Carl had been commuting 2.5 hours every day to get into work before an AGC member out-of-state offered a camper to Oldcastle. The time saved in the commute has helped him get started on repairs to his house. Still, with the estimated $113,000 of damage, Carl expects it to take a long time to do the repairs. “I’m still more fortunate than many others,” he said.
At a stop at JD Abrams, President Art Daniel sat with two of the recipients, Juan Santana and Pattana Chansiri.
“I stayed home,” said Pat. “I’ve been in the same house 30 years. But this one was bad.”
Pat’s home was not damaged by the initial storm but by the subsequent release of the dam. He suffered approximately $15,000 of out-of-pocket expenses but is back in his home.
“The check will help a lot. AGC is a really nice community,” he said.
Juan Santana also thought his home would be spared. “I almost made it,” he said. But the 3-year-old home finally succumbed to floodwaters the final night of the storm. Juan packed his valuables, medicine, and important papers in a cooler before he was rescued by boat. “It floated so I could just push it.”
“It’s pretty bad to see your home flooded. It feels really good to be a part of an organization that can help like this. It will take at least $20,000 to get the house up and running. This will help a lot.”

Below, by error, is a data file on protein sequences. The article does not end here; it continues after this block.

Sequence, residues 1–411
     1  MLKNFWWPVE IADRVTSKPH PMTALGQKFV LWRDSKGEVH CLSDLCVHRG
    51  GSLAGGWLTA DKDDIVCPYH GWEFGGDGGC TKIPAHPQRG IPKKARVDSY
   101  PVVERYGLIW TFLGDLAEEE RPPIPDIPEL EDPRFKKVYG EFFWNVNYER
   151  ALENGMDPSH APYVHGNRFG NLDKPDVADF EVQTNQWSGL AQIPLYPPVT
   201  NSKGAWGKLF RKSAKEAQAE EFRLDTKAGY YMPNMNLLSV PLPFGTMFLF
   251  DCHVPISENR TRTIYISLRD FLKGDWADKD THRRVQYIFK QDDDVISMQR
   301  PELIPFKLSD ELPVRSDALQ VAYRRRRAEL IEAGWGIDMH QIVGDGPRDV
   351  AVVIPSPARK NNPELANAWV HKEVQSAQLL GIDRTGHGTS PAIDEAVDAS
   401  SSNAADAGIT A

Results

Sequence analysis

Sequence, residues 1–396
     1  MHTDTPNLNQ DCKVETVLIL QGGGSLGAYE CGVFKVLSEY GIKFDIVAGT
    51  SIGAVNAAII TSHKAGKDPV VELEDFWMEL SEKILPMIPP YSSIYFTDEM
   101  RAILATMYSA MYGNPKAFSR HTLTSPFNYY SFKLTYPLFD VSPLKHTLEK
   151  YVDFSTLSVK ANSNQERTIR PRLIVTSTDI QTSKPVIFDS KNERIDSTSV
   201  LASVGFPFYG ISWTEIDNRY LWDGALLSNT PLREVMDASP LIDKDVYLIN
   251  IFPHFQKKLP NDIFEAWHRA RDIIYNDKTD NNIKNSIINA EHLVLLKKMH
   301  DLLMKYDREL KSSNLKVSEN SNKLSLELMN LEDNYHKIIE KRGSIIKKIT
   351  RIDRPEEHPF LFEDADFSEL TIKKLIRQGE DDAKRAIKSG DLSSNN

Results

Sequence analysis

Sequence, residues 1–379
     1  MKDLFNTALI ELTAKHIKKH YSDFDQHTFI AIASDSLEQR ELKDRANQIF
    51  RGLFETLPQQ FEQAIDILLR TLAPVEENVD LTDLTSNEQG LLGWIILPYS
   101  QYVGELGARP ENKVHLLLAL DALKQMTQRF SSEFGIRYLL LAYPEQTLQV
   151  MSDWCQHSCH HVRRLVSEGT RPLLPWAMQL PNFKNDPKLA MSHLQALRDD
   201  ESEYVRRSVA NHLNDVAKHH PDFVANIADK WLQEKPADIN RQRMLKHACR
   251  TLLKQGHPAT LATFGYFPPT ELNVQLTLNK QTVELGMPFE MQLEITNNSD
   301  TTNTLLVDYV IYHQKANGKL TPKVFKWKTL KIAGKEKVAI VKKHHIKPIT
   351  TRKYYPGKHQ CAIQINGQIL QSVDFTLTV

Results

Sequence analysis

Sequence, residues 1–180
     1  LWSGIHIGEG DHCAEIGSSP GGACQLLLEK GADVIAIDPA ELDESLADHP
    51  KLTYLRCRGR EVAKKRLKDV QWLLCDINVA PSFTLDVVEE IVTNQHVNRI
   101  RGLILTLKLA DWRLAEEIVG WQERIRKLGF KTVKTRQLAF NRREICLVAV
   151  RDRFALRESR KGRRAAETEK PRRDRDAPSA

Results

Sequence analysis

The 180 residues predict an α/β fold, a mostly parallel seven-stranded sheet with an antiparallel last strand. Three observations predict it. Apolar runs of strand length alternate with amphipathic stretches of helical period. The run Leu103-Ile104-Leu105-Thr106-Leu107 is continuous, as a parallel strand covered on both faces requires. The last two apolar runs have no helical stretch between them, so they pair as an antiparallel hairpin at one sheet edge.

Ken Burge of JD Abrams noted the importance of both men at Abrams. “They returned immediately to work, even amidst their own problems.”
The final stop for the day also had the most recipients: Pulice Construction with eight recipients.
“We prepared the best we could,” noted Syntoria Flagg, payroll manager at Pulice. “It [the Hurricane Harvey Grant Assistance Program] was an awesome gesture. It’s been a real blessing knowing that so many people from around the country came together to heIp us. I tried to share with as many employees as possible.”
Syntoria’s home sat four feet above the ground but still flooded. “We prepared for the hurricane. But no one was prepared for the rain,” she said.
Other colleagues voiced their agreement. “We’re used to floods. We made it through the Memorial Flood. We made it through the Tax Day Flood. But they were nothing like this.”
As Art Daniel distributed the checks to the member employees, he told them “These checks won’t make everything right, but I hope they will help you as you get back on track. On behalf of the entire AGC of America family, let me express my sympathies for the losses you have suffered. Please accept these grants as a small token of our association’s appreciation for your spirit, your tenacity, and your resiliency.”
As Diane Moore of McCourt & Sons recalled, a neighbor had asked her if she thought they would ever get over Harvey.
“I think it will always be with us. But that doesn’t have to be a bad thing.”